Science literacy : an undergraduate alternative to traditional introductory science courses.

Cardinal Scholar

Show simple item record

dc.contributor.advisor Gruver, Joshua B.
dc.contributor.author Pavey, Ashley M.
dc.date.accessioned 2020-10-27T13:09:07Z
dc.date.available 2020-10-27T13:09:07Z
dc.date.issued 2020-07-18
dc.identifier.uri http://cardinalscholar.bsu.edu/handle/123456789/202443
dc.description.abstract This study utilized qualitative research methods to explore the attitudes, understanding, and professional opinions of Ball State University science instructors on science literacy. In-depth, semi-structured interviews with 8 introductory science professors of various departments were recorded, transcribed, and coded using content analysis to understand their relationship to science literacy and the role it plays within the traditional introductory science courses. Professors were asked a series of questions separated into four sections which addressed the following: Ball State’s core curriculum, expectations within the classroom, perceived differences in student groups, and science literacy. Several themes emerged including: addressing scientific fundamentals, recognizing credible scientific sources, students fulfilling the core requirement, and relevancy to student lives. An additional section is included, which discusses the difficulties and potential for the development of a new course in science literacy. Implications and recommendations for Ball State University are discussed. en_US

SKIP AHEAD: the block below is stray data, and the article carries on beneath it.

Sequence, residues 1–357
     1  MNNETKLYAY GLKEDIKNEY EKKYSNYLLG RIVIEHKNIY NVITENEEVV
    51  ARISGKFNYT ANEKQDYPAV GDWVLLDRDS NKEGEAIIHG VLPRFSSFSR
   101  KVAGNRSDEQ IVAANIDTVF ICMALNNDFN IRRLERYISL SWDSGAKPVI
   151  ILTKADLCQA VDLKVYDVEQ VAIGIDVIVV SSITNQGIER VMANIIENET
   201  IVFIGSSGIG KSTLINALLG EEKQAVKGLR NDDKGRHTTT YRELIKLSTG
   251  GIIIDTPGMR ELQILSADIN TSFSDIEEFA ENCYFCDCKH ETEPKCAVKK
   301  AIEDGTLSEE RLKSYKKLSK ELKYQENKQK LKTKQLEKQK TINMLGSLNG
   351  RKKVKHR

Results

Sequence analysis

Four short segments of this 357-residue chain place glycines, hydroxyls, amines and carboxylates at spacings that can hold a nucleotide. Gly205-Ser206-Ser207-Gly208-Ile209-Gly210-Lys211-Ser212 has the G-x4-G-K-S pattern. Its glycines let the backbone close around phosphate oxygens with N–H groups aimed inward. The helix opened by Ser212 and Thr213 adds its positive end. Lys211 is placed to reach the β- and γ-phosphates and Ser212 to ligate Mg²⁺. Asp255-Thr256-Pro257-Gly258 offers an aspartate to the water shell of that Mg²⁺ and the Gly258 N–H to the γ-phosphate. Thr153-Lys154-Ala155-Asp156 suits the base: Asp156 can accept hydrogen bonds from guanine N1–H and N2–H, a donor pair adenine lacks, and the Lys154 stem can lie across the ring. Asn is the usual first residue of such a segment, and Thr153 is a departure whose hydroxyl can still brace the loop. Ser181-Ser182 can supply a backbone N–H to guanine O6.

dc.description.sponsorship Department of Environment, Geology & Natural Resources
dc.subject.lcsh Science -- Study and teaching (Higher)
dc.subject.lcsh Science teachers -- Indiana -- Muncie -- Attitudes
dc.subject.lcsh Ball State University -- Faculty -- Attitudes
dc.title Science literacy : an undergraduate alternative to traditional introductory science courses. en_US
dc.description.degree Thesis (M.S.) en_US


Files in this item

This item appears in the following Collection(s)

  • Master's Theses [5510]
    Master's theses submitted to the Graduate School by Ball State University master's degree candidates in partial fulfillment of degree requirements.

Show simple item record

Search Cardinal Scholar


Browse

My Account